​​How are blockchain technologies changing the retail industry?

​​How are blockchain technologies changing the retail industry?

Throughout the last ten years, blockchain technology has grown from a technology-focused on cryptocurrencies into a secure, widely-used form of business process automation. In contrast to traditional SAP-based solutions that store data outside of the network, decentralized ledgers enable systems to perform operations and maintain data privacy easily and  at a lower cost.

As a result of immutability and traceability, blockchain platforms in retail will serve as an efficient, reliable, and one-for-all solution for suppliers, manufacturers, and other parties involved in the chain of commerce.

The use of blockchain in retail

A number of retail giants are exploring blockchain’s potential in their businesses, including Walmart who has put its leafy greens on the blockchain, and Alibaba, which is using blockchain solutions to track shipments worldwide. Here are a few more ways that crypto trading firms and blockchain can bring benefits to retail.

Identifying the product’s provenance

With the ability to provide end-to-end transparency on the source of origin for ingredients and products on the blockchain, the technology is likely to become the industry standard in the long run, as well as providing a competitive advantage to early adopters.

When it comes to food and beverage manufacturing, traceability is important both financially and ethically. Think of BSE, mad cow disease, the UK crisis of the 1990s, and the China scandal in 2008 that shut down a nation’s spinach farmers for weeks to track down the source of the problem. Using blockchain technology, these scenarios can be avoided through the creation of a huge database of the provenance of foods, improved food safety, profit increases, and waste reduction.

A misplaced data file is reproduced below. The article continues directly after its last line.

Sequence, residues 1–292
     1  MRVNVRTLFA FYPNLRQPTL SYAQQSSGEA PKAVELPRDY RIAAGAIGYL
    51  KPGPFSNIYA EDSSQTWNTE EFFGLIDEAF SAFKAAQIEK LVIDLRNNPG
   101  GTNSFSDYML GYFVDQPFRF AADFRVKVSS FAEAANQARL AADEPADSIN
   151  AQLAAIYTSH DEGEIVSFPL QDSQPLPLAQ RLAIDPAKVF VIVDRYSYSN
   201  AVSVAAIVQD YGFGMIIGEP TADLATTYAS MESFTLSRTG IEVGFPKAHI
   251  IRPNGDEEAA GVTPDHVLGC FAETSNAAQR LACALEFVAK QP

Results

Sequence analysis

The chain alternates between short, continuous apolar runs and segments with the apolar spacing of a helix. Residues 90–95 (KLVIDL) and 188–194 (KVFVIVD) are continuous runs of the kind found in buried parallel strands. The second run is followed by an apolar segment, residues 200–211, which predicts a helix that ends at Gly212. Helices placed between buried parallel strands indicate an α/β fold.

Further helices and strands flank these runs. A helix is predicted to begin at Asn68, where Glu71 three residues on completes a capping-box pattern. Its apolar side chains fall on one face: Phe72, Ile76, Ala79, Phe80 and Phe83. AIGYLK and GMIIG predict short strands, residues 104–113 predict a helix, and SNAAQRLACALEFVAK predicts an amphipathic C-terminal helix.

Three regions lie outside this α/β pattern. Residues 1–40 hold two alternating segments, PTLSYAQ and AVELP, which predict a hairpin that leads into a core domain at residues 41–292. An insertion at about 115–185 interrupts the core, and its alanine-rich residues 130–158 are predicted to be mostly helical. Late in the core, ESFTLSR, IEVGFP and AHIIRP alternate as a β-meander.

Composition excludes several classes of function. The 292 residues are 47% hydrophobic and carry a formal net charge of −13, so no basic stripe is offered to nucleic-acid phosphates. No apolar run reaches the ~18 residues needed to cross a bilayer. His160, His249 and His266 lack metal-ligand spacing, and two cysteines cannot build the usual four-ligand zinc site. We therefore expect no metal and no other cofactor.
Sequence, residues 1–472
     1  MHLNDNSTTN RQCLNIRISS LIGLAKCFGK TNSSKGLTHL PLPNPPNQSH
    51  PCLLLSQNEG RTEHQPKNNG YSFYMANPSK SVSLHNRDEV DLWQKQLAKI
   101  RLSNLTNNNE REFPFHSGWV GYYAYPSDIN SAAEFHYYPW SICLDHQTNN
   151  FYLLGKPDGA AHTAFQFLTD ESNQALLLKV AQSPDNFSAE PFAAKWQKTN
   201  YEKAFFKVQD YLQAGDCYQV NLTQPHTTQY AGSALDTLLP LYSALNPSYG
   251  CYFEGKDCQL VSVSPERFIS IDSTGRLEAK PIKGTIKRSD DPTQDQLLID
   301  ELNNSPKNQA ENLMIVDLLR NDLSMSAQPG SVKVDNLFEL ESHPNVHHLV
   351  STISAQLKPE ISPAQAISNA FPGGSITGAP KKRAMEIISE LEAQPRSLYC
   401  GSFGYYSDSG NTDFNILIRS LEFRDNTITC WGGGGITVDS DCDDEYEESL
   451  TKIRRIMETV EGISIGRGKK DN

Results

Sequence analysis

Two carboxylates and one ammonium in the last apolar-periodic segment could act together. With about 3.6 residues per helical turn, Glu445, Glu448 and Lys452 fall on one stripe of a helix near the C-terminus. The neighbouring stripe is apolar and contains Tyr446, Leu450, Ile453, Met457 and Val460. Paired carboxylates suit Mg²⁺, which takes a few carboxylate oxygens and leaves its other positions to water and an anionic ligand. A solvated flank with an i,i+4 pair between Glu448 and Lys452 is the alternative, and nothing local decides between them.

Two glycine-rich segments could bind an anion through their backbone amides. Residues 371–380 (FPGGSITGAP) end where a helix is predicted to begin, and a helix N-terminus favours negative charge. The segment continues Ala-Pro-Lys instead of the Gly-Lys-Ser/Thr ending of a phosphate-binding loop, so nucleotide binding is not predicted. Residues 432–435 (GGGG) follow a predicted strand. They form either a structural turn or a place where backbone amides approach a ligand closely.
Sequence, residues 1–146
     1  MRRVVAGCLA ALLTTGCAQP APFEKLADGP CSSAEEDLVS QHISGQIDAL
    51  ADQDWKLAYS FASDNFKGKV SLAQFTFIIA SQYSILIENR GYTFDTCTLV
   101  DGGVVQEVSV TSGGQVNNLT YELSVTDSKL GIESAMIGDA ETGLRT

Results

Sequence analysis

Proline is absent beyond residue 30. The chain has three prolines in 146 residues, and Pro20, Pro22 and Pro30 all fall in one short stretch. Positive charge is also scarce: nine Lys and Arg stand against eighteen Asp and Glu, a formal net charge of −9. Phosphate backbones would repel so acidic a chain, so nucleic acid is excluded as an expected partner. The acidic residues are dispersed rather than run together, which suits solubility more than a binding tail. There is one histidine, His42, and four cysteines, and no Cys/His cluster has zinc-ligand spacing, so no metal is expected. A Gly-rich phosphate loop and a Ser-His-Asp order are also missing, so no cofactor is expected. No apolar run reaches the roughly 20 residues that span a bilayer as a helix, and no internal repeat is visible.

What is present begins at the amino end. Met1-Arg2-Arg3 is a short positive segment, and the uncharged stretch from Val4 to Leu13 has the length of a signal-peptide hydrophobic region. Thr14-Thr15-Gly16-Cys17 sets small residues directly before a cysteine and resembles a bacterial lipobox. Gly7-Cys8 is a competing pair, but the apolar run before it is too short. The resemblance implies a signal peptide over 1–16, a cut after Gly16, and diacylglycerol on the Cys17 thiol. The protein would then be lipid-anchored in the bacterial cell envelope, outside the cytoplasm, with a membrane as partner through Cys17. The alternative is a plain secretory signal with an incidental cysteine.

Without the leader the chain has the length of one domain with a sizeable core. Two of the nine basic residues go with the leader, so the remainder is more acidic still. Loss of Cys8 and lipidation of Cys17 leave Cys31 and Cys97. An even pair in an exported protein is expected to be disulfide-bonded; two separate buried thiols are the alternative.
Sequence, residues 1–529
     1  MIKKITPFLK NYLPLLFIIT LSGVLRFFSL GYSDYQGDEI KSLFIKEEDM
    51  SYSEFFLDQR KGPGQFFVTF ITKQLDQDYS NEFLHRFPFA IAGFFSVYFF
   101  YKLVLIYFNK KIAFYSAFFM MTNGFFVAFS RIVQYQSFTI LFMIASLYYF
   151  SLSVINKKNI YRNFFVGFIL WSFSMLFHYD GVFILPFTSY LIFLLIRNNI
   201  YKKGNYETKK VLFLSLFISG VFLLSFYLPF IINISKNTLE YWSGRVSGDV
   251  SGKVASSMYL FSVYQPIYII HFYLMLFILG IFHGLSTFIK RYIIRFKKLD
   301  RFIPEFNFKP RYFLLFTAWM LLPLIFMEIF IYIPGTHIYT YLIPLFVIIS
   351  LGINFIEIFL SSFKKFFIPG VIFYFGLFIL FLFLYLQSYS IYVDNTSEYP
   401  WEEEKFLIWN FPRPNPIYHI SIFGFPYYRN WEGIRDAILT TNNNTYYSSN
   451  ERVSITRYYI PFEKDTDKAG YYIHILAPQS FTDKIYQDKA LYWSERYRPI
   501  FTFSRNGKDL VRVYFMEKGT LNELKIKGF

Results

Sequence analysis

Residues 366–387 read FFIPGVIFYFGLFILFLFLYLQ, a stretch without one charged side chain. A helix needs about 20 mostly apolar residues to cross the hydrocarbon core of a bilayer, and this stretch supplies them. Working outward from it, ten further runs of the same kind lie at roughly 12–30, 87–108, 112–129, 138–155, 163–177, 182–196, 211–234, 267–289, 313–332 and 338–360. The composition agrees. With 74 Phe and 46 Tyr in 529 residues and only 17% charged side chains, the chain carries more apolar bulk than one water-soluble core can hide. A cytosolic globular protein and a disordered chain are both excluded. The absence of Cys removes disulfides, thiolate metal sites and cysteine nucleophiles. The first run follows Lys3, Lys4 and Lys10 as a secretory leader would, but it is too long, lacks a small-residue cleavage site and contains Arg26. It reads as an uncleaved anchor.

Loyalty points management

Customers would be able to store all their coins, rewards, and coupons in a single digital wallet, rather than trying to keep track of multiple loyalty programs, which reduces redemption rates. Blockchains also offer consumers real-time awards allocation and redemption, making loyalty programs more flexible between consumers and across brands, retailers, and stores.

Anti-fraud measures

Retailers are now using blockchain technology to protect consumers from receiving counterfeit items. Blockchain technology is commonly used to prevent fraudulent transactions on digital currency exchanges. 

Namely, with blockchain technology, De Beers Group tracks its gems from mine to retail, recording every transaction. This reduces fraud risks and increases transparency for consumers.

Using cryptocurrencies for payment

A blockchain is an advanced system that allows cryptocurrencies to be used as means for transferring value or data and comes into its own when used for cross-border transactions and micropayments. In January 2014, Overstock became the first major online retailer to accept Bitcoin as payment. The retailer has since brought in reports of $5 million in Bitcoin payments per year.

Using the CEX.IO Direct service you can implement direct crypto purchases right on your website. 

Data collected from compliant consumers